Unique Solutions Using Learning Objects
Mohammed Tafti, Professor of Information Technology and Quantitative Methods in the School of Business had a unique problem in terms of teaching a concept in his class. According to him, the undergraduate students in his classes always have a hard time understanding the difference between “absolute” and “relative” values in a Microsoft Excel spreadsheet.
Adeel and Dr. Tafti met and after a little bit of brain storming they came up with an idea of developing an animated video and explain the concept by using the idea of a hotel to represent the an Excel spreadsheet and rooms in the hotel to represent cells. The animation had to be very simple and interesting so that undergraduate students can grasp the concept quickly and don’t lose interest while watching.
Adeel developed a Flash learning object and incorporated two characters, one playing basketball in the hotel and one who was lost, and trying to find his friend in a particular hotel room. An epic journey ensues as our lost soul follows relative directions (or values) only to realize he and the basketball player were staring from different points. He follows the instructions again and again, meeting harrowing pitfalls along the way! Finally, a kind helper appears and gives him absolute directions and you’ll have to visit http://hofstrateach.org/test/anim_1.html to see how the story ends.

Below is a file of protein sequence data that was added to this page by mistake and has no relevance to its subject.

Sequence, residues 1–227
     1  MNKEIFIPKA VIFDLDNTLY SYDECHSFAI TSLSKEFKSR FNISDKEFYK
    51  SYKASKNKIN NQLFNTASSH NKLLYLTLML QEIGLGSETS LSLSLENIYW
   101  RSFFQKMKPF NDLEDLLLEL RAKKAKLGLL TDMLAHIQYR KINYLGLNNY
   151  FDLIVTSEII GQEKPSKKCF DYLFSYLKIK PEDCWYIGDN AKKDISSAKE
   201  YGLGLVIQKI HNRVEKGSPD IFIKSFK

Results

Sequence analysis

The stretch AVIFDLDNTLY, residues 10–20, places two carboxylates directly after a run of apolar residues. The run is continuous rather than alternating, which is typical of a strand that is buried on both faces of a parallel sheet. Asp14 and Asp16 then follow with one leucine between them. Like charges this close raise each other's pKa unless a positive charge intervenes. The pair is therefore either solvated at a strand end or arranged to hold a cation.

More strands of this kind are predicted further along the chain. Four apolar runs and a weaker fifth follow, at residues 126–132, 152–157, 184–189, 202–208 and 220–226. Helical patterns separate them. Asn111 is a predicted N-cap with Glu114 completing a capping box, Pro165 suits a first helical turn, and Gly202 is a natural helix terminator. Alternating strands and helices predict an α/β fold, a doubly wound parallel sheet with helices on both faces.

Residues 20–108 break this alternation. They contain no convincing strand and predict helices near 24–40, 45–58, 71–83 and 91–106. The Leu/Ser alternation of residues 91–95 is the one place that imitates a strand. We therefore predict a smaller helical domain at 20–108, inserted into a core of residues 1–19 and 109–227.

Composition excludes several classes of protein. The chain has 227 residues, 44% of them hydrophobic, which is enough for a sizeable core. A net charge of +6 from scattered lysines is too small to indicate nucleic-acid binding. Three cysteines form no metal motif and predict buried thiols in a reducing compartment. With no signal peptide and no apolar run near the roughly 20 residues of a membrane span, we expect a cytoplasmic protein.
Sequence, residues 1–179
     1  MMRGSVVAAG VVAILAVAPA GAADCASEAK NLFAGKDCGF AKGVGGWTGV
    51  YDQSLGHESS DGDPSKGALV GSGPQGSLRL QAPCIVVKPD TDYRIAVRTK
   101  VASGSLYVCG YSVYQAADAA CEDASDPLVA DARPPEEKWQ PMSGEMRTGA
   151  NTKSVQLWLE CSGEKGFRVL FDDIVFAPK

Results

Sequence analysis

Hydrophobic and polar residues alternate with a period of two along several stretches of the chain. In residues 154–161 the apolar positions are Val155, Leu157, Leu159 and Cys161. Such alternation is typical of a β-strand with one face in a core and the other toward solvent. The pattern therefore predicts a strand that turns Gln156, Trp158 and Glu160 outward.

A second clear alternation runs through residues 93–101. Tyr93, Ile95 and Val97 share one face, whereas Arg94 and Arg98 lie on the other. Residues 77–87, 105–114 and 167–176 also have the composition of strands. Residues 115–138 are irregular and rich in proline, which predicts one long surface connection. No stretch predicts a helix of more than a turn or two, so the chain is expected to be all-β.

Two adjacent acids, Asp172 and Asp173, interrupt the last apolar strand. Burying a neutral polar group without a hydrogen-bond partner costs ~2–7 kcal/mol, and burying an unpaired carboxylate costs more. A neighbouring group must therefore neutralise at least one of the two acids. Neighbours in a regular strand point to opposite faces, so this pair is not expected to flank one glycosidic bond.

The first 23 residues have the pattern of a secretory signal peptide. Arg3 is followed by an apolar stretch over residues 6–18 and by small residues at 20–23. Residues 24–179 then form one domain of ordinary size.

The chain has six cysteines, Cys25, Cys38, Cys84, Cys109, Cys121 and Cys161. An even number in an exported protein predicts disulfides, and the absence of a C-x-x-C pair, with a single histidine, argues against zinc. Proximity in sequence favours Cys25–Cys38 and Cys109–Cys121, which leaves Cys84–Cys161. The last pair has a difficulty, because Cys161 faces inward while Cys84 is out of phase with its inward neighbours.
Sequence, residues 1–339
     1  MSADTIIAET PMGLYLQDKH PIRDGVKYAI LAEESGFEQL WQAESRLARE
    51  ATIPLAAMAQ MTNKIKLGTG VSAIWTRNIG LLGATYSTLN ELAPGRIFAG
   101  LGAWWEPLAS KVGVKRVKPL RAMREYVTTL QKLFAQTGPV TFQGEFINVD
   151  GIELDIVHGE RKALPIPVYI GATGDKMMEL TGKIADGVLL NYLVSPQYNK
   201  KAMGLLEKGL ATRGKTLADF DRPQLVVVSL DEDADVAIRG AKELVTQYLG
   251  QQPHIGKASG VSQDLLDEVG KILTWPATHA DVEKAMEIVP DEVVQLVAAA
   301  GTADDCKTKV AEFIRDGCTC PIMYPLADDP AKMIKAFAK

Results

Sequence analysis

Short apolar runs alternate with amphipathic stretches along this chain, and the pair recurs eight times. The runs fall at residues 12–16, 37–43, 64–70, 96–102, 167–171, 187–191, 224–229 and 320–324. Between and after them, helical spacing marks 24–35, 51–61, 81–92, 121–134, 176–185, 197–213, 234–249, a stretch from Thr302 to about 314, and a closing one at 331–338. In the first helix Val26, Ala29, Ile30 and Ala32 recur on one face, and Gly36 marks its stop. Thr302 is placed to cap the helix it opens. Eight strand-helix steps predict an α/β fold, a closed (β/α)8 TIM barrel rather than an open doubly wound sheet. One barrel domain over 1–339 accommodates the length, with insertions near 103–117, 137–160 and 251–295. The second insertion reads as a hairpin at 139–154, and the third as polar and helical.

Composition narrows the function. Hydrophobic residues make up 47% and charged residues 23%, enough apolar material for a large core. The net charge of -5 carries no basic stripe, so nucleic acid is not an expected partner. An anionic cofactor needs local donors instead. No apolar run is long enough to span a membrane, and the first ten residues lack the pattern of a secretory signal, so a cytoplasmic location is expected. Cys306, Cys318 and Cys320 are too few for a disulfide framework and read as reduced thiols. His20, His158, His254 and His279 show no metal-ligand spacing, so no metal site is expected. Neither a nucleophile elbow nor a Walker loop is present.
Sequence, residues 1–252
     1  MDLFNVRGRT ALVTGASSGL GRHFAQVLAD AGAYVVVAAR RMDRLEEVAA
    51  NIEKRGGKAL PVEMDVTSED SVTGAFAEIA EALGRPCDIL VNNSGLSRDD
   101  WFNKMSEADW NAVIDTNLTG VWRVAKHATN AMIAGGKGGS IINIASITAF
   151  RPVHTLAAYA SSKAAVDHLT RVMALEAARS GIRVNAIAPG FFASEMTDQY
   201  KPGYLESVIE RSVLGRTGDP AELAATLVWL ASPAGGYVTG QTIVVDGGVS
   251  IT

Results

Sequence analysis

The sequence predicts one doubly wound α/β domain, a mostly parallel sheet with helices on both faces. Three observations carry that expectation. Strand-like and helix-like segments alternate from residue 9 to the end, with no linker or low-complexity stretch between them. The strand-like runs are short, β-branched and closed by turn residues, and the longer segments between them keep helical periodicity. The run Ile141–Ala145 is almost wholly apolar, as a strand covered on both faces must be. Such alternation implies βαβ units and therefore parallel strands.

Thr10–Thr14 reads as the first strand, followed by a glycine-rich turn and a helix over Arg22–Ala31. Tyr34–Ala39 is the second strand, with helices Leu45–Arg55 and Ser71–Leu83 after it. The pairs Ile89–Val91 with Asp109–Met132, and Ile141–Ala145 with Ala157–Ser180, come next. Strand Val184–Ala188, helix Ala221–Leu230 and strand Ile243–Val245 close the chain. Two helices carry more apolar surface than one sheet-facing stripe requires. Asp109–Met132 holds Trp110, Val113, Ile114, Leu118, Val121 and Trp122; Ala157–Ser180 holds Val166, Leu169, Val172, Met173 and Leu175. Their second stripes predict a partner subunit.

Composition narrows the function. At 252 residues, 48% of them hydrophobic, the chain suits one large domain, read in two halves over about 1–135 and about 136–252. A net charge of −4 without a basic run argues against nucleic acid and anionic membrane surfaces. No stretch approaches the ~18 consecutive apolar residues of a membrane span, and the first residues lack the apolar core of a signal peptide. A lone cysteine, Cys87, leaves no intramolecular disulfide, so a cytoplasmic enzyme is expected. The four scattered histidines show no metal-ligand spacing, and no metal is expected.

Learning objects are a unique solution to communicating information in small pieces and what Adeel and Professor Tafti have created can be used year after year to explain to new cohorts of undergraduates just why “relative” and “absolute” are important concepts to keep straight.
Faculty Computing Services is here to help. Come to 215 McEwen Hall and talk to one of our staff members about creating a learning object to teach your unique concept. We may be able to help you find an existing learning object at an archive like http://www.merlot.org or we may be able to help you build one.